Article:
Tuesday, 23 May 2017

Holocaust 2000

Alberto De Martino, 1977
A.k.a.: ‘Rain of Fire’ / ‘The Chosen’ / ‘The Hex Massacre'

Kurt Douglas is Robert Caine (see?) whose son Angel (see?), evidently taking his cue from ‘The Omen’, is the Antichrist taking advantage of his father’s plans to provide nuclear energy to a region in the Middle East.

In the tradition of Italian rip-offs of the era, its nonsensical hokum  with uninteresting dialogue whose logic that doesn’t really hold up to scrutiny – an asylum where the inmates are packed in to bare rooms with glass walls? – but there’s fun to be had as it ticks off its general genre cues. Fun in the sense that it’s daft and topped with somewhat surreal production design and some unintentional humour as much as it’s doing the horror thing. The plotting is the sort of thing we might have concocted comparing notes as juvenile horror fans at the time, a patchwork of moments from other genre films we had seen. Post-Damien Thorne, we all knew very quickly how these things went, although El Santo give s a fine run-down of how Italian Catholicism hinders the filmmakers in a coherent understanding of ‘The Omen’s Protestant basis.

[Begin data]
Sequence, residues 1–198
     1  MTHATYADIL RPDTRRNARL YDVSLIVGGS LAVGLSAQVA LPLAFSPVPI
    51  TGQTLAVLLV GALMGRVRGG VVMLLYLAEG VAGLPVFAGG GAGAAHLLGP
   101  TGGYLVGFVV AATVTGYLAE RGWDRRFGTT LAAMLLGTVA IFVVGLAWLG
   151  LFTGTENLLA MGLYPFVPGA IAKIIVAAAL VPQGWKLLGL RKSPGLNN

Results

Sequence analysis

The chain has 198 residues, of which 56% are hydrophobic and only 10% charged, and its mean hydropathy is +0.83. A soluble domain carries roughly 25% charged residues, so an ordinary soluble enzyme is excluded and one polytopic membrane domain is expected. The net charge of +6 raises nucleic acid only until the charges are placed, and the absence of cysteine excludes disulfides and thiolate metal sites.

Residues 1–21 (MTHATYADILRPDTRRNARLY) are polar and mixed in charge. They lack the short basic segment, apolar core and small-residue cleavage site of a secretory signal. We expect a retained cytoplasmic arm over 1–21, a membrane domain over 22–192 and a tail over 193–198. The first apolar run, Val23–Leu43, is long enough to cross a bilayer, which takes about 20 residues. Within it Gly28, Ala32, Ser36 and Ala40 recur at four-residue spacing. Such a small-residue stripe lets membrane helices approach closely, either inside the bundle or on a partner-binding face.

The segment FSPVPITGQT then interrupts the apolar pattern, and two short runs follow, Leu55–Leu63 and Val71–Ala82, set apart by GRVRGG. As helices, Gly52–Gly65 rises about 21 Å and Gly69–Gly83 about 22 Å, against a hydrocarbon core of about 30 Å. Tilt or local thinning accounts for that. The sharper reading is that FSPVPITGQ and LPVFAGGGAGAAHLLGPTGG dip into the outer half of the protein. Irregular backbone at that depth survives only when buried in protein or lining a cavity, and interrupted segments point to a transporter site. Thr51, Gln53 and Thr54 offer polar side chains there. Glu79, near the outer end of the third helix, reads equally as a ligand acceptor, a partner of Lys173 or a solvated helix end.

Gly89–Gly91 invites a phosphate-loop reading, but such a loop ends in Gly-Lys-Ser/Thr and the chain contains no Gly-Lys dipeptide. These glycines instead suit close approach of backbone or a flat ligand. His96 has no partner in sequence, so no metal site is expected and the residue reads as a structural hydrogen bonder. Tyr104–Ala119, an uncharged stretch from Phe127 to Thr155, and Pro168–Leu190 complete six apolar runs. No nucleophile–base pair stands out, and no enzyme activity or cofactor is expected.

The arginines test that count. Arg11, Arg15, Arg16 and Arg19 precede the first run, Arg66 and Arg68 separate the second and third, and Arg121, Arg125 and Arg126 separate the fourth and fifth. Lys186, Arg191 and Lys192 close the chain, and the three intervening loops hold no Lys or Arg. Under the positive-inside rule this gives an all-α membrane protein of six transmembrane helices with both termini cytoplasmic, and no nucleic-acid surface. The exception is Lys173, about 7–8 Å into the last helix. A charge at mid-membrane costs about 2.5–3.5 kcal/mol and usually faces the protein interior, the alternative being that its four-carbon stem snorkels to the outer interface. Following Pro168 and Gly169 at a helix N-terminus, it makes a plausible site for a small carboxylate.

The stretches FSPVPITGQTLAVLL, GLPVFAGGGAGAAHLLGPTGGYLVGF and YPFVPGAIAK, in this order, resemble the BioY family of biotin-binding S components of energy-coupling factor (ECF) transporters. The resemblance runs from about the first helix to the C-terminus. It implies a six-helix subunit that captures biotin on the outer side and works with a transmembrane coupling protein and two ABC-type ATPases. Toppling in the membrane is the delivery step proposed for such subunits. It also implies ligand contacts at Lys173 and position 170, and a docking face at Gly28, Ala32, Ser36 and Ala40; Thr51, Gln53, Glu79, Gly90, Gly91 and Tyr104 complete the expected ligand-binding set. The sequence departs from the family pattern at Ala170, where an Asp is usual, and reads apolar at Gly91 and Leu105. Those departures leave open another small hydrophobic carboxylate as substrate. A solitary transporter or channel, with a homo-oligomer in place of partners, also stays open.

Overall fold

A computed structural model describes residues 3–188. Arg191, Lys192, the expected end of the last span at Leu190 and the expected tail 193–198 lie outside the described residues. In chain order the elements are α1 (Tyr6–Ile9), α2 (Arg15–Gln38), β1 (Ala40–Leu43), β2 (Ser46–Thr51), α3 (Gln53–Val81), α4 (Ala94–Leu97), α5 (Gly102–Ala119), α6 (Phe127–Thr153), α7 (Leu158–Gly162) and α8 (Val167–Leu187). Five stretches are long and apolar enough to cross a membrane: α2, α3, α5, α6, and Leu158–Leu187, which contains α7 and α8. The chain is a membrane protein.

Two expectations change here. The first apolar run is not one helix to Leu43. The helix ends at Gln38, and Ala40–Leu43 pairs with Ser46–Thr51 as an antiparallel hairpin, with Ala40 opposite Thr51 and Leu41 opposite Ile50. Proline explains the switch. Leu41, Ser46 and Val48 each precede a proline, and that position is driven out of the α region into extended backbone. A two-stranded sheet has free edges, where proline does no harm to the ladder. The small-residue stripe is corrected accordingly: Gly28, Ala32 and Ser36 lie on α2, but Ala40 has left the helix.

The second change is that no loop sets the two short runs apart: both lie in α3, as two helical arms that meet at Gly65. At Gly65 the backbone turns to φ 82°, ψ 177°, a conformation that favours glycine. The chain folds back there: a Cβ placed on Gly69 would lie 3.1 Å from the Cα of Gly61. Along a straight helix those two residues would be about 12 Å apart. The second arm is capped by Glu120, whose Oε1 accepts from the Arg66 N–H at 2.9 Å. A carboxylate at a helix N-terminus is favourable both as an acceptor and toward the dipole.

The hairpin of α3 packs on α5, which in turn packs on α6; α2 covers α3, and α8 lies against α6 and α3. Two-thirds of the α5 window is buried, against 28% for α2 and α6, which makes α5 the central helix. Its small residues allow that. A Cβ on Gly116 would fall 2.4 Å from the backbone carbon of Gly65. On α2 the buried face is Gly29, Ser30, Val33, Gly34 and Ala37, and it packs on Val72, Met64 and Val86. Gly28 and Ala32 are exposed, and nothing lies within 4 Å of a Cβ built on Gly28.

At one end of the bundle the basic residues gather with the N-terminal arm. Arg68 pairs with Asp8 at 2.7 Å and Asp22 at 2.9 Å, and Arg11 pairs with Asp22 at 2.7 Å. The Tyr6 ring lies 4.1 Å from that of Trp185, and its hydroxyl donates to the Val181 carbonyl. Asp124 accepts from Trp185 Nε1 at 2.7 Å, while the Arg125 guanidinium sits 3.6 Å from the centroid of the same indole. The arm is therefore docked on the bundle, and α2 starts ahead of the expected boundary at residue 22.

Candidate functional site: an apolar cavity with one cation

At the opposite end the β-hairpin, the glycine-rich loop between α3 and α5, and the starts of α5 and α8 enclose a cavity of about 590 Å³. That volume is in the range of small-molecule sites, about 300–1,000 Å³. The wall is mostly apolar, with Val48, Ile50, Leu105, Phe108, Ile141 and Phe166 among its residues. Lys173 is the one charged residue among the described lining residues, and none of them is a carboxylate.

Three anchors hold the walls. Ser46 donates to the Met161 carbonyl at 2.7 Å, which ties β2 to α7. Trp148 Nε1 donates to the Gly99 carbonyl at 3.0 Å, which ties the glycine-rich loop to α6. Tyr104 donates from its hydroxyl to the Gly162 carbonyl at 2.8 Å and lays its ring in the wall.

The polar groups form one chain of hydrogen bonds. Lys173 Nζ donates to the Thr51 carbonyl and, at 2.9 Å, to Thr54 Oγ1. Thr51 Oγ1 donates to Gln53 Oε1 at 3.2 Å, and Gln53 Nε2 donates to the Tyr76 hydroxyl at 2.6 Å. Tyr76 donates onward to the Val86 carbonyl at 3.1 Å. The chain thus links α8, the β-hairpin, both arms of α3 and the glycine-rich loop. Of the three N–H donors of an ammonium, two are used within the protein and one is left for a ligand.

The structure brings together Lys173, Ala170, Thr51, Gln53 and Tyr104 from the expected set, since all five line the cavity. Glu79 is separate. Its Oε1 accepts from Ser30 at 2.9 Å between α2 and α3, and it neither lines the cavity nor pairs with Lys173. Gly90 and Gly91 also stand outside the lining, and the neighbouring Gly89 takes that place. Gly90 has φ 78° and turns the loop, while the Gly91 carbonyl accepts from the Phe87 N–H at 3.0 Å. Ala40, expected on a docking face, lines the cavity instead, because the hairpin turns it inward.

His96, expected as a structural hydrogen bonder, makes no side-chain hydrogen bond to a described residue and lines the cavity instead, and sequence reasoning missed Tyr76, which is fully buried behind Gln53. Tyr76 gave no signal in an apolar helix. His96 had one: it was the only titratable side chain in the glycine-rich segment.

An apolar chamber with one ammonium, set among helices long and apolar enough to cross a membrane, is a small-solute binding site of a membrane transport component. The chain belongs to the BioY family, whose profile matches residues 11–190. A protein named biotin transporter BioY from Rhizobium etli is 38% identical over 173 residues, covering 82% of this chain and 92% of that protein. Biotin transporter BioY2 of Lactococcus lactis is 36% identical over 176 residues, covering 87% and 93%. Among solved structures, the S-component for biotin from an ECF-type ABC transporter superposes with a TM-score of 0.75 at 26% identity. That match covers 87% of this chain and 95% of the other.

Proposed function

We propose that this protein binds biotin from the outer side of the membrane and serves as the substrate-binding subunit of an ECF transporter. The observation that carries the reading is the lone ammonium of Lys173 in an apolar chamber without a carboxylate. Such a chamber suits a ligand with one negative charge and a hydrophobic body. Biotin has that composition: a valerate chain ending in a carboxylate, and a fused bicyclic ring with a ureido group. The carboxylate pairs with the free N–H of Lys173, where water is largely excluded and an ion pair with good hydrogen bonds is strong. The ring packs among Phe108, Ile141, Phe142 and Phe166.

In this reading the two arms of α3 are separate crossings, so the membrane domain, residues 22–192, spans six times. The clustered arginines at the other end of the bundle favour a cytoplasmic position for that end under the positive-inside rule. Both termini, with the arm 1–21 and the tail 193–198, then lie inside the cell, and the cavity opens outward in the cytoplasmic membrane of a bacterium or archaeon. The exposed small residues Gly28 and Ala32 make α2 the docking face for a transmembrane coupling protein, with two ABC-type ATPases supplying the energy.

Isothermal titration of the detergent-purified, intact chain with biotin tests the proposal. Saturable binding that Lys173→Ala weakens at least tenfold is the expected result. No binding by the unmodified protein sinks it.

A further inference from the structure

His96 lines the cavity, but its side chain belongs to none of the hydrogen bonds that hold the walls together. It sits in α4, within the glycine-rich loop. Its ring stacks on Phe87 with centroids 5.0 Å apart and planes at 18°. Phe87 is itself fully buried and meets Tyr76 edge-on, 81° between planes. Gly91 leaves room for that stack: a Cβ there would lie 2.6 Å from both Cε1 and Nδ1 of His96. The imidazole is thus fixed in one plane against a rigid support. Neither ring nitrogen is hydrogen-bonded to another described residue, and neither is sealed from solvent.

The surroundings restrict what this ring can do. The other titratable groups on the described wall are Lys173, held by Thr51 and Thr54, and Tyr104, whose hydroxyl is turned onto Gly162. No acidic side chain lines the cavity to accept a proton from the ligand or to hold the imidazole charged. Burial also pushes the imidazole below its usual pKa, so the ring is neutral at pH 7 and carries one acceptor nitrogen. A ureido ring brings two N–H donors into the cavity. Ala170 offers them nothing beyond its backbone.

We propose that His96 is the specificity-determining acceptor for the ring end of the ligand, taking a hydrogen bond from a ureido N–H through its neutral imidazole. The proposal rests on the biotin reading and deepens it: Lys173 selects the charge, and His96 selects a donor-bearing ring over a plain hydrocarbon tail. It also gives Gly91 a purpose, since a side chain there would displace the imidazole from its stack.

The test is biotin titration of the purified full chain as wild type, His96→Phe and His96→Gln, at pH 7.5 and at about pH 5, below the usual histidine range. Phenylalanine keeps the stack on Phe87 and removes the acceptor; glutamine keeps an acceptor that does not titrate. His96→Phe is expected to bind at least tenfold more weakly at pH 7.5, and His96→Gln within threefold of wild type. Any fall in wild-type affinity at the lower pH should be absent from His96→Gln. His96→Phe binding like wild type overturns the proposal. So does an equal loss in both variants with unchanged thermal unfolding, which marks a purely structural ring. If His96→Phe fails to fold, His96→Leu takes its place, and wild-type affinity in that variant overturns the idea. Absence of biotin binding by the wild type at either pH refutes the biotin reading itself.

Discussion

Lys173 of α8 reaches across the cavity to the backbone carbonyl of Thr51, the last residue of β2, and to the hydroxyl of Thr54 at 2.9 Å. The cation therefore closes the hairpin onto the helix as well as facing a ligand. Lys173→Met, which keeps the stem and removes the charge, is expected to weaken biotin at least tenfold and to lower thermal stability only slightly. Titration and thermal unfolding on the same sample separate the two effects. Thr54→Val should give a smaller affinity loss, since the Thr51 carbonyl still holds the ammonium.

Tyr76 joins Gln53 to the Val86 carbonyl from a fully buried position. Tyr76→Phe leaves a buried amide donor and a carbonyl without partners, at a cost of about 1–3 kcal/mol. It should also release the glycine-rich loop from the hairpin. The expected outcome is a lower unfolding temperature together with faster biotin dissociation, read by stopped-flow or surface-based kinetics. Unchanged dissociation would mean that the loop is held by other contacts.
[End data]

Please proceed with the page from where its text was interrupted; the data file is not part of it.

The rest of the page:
There is, of course, the helicopter decapitation which predates ‘Dawn of the Dead’ and surely counts as the highlight. There’s some dated killer-computer stuff with the computer housed in a set that looks like it’s come from Tron’ … or some ‘The Crystal Maze’ game-show. There’s a naked Kirk Douglas running around a dream sequence, startled by back-projection. There is even a weird inclusion of a fawn which seems to instigate sex; the animal even turns up in a montage of foreplay later. Its ugliest moment is when Douglas tries to force his love-interest to have an abortion against her will when he thinks the baby she’s carrying is the Antichrist: it’s not that the film is overtly misogynistic, just that it doesn’t seem to realise how wrong-headed this is and that it greatly compromises his status as the hero. But then again, it won’t win any awards in its portrayal of mental illness either. It’s just all horrible stuff caused by the coming of the Antichrist, or something.

It’s fairly untypical in that Douglas, in an era defined by atomic anxiety and as head of a highly successful firm, has altruistic intentions in his nuclear colonialism. It is notable that the whole thing is just an account of one man’s uncovering of the demonic plot that he is helpless to prevent – at least that’s the short ending; there is a longer ending which does the opposite which is presented in an equally downbeat fashion, but it bears less conviction. This is, however, indicative of the on-a-whim nature of the whole enterprise. What ‘Holocaust 2000’ doesn’t seem to realise is that ‘The Omen’ possessed a sly and satirical dark humour which takes a little focus and maybe your tongue in your cheek.

Of course, we’ve survived the year 2000, so that’s a little bit of a giveaway that we’re okay in the end, hence the film comes with several aliases, ‘Rain of Fire’ being the most meaningless, ‘The Chosen’ being a yawn and ‘The Hex Massacres’ being the most strained.

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